Eamon Ryan retains Green Party leadership by 48 votes

Eamon Ryan retains Green Party leadership by 48 votes

Pippa Hackett, minister for land use and biodiversity, Transport Minister and Green Party Eamon Ryan, and Tánaiste Leo Varadkar at Dublin Castle yesterday. After hanging on to his leadership of the Green Party, Mr Ryan said, ‘I’m committed to doing everything I can to try and help this party and help our people in a remarkably challenging period.’ Picture: Sam Boal

Eamon Ryan has retained his position as Green Party leader by 48 votes.

Mr Ryan faced off with his long-time deputy leader, Catherine Martin, in a postal vote, winning by a tight margin.

Mr Ryan received 994 votes to Ms Martin's 946.

A total of 1,950 of 2,923 eligible members voted in ballot, the party turnout was 66.7%, with 10 spoiled votes.

Mr Ryan said he was "very glad" to be re-elected after a "civil" competition and "very honoured" by the result.

"It's a really close result, numbers are tight, and could've went either way, I will reflect on that," he said.

"It's tough times in the country at the moment, and tough for us in government and we have a responsibility to serve our people, and our party is fit for that.

"I'm committed to doing everything I can to try and help this party and help our people in a remarkably challenging period.

"We must engage with our people in the same way as this election, be open and transparent."

The win was bittersweet as the party had undergone a day of very public resignations from members including former MEP candidate Saoirse McHugh, who called the party "toxic", while a number of others publicly stated they would also be leaving the party.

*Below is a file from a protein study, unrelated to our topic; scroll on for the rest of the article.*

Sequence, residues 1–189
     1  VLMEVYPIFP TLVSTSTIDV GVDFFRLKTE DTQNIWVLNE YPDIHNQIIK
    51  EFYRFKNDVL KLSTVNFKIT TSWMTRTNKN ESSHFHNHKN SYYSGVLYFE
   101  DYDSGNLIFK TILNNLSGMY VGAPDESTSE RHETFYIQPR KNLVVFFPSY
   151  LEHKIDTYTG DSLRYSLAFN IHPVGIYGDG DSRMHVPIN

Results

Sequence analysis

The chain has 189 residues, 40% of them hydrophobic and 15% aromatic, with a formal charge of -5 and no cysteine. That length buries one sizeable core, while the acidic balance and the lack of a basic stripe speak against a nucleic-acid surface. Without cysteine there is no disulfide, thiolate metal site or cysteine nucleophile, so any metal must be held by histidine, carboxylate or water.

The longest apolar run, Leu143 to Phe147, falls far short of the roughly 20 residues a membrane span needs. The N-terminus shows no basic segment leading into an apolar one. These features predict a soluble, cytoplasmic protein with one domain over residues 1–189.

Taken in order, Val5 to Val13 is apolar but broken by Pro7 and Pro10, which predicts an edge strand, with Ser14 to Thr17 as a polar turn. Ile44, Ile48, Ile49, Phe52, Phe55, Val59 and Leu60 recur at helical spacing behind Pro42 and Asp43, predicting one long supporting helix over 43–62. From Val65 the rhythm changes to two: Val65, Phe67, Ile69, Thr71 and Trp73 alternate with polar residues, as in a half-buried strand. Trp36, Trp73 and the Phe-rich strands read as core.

The resignations came after months of fighting within the party membership and allegations of harassment and bullying after a split formed during programme for government negotiations.

Ms Martin congratulated Mr Ryan, noting he led the party to their greatest electoral success and said it must now "unite after the divisions it has experienced in recent months".

"This is an important and testing time as Greens, we've embarked on a government by facing extraordinary challenges," she said.

"As Eamon leads up forward, the most important thing we can do is stay together, stay united.

"There will not be an easy time ahead and we will need strong leadership.

"Stick with us, whatever we have to weather, we will weather it together".

She added that the party was "losing good people" and needed "reform in some way", before refusing to rule out running for the leadership again in the future.

One supporter of Ms Martin's, who sits on the party's executive council, said they were expecting more resignations in the wake of Mr Ryan's win.

"We were expecting it to be very tight, we knew she had a small chance but that Eamon was the favourite," they said.

"A lot of people are not that happy, fairly disappointed, but we ran a good campaign.

"I expect a lot more people will leave, a lot of people stayed and voted for Catherine even though they thought they were going to leave, a lot of people are in difficult positions, so they maybe won't leave tomorrow but I'm expecting a lot more in future, and if Catherine was leader they might have stayed but who knows."

Due to the narrowly tight margin of the ballot, it has already been suggested that it is unlikely Mr Ryan will lead the party for a further five years.

"I suppose he's entitled to be leader for the next five years, that's his decision, it's up to him," the source said.

"I think he does have the appetite for it, although he mentioned during the campaign he said: 'the next couple of years', he didn't commit to the full term."

Mr Ryan has said he is "open" to the idea of having a co-leader in the future, which could be proposed at the party's next national convention.

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